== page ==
Life
    Culture

    The rise of sports tourism

    21 February 2019

    Ole Gunnar Solskjaer’s incredible start as manager of Manchester United (11 wins in 13 games) has meant that Reinier Linthorst Homan is booking plenty of flights from Norway to Manchester. Homan’s company Voetbal Travel (you’ll know, being intelligent Speccie readers, that this is Dutch for ‘Football Travel’) specialises in flying European fans to England for mini-breaks centred around a match. ‘When someone is doing well we see an increased demand from their home country,’ Homan tells me. ‘At the moment it’s Norwegian fans wanting to visit Manchester because of Solskjaer. A few years ago it was Dutch fans wanting to go there because of Robin van Persie. He’d moved to Man U from Arsenal – so of course our Arsenal sales took a corresponding dip.’

    Football is a huge draw when it comes to London, Manchester and Liverpool pulling in the tourists. The Premier League’s oceans of cash have attracted the best players from around the world, who in turn have attracted fans from around the world. Margit Brusgaard and her husband Jens travelled from Holland to watch Arsenal play at home. ‘Jens first got into English football in the 1970s,’ she says, ‘when Danish TV [the couple are originally from Denmark] started broadcasting matches. Many years ago Jens had been to Arsenal’s old stadium [Highbury], and we wanted to see what the new Emirates stadium is like. It was a great experience – the fans and the atmosphere were wonderful. We were fascinated by the ground being in the middle of a residential area – that makes many of the English stadiums unique.’

    To add to the experience, Arsenal won. Though in keeping with their form of recent seasons Margit had to wait until four minutes from the end for the only goal, and even then it was an own goal (from lowly Leicester). The next day Margit and Jens flew home on an EasyJet flight full of English people heading to Amsterdam to celebrate King’s Day. ‘They were all dressed in orange – we were the only two people dressed normally.’

    60 per cent of Homan’s business is fathers travelling with their sons. ‘And sometimes we see three generations travelling together, often all male.’ For obvious reasons the big clubs are the ones in demand, but equally this means tickets are hard to come by for foreign fans who aren’t members of ‘priority sale’ supporters’ schemes. This is where Voetbal Travel’s contacts come in. But basing your trip around seeing the team you support does add a certain tension to a trip. ‘We don’t yet offer a “home win guarantee”,’ says Homan. ‘I only wish we could!’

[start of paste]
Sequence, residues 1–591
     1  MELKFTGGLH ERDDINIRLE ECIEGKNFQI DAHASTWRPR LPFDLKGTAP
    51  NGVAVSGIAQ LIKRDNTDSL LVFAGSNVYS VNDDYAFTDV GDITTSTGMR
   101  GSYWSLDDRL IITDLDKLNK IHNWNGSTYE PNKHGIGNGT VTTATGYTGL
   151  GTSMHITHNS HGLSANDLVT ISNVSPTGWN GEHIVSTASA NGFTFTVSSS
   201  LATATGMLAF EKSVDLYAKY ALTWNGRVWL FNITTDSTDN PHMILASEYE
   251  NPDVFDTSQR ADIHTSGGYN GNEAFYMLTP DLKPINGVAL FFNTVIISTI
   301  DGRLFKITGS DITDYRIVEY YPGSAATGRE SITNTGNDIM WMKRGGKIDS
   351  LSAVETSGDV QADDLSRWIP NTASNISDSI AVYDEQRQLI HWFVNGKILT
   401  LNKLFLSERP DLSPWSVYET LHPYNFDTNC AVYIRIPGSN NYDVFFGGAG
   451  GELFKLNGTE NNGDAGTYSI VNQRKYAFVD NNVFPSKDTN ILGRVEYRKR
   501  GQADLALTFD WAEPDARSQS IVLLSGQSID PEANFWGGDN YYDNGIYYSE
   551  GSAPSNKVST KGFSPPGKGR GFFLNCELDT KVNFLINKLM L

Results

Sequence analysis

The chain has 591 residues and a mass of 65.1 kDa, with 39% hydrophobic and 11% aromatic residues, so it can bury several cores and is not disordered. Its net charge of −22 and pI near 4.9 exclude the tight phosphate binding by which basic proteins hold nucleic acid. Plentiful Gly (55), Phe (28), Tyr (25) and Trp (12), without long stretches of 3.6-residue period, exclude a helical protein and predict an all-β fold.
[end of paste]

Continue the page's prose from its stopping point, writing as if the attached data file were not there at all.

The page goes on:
Sometimes clients can be overly-demanding even before the match has taken place. ‘We had a German customer last year who had booked for “El Classico”,’ says Homan, referring to Barcelona against Real Madrid (the company offers matches all over Europe). ‘But then Lionel Messi got injured and couldn’t play. The customer asked to cancel – he was quite surprised when we told him this wasn’t a valid reason.’

    Other sporting breaks

    Learn tennis in Portugal

    Training in southern Europe made Andy Murray a Wimbledon champion – could it do the same for your young tennis star? The Pine Cliffs resort on the Algarve coast has five courts managed by the Annabel Croft Tennis Academy. Coaching is available for all skill levels, both adults and children.

    Follow the England cricket team around the world

    Watch England’s batsmen collapse on a grey day in Headingley and it’s depressing. Watch them do it in the Caribbean and, as International Cricket Tour’s clientele have discovered in the last couple of weeks, it’s somehow not so bad. The company’s founder Sara Malin checks out every hotel and resort individually (tough gig), meaning that in the opinion of pundit and ex-Middlesex bowler Simon Hughes, ICT are ‘the best of all the companies offering this sort of trip’.

    Watch an NFL game in America

    Never mind that Americans can’t get the shape of a football right, and indeed that they abandoned the usual Roman numerals for Superbowl 50 because they thought people would associate ‘L’ with ‘loser’ – the NFL has attracted more British fans in recent years, partly because it now plays one match in London each year. Spectate Sports Travel organise trips to all the big US cities, from the 49ers in San Francisco to the Giants in New York.

    And for more information on Voetball Travel visit footballbreak.co.uk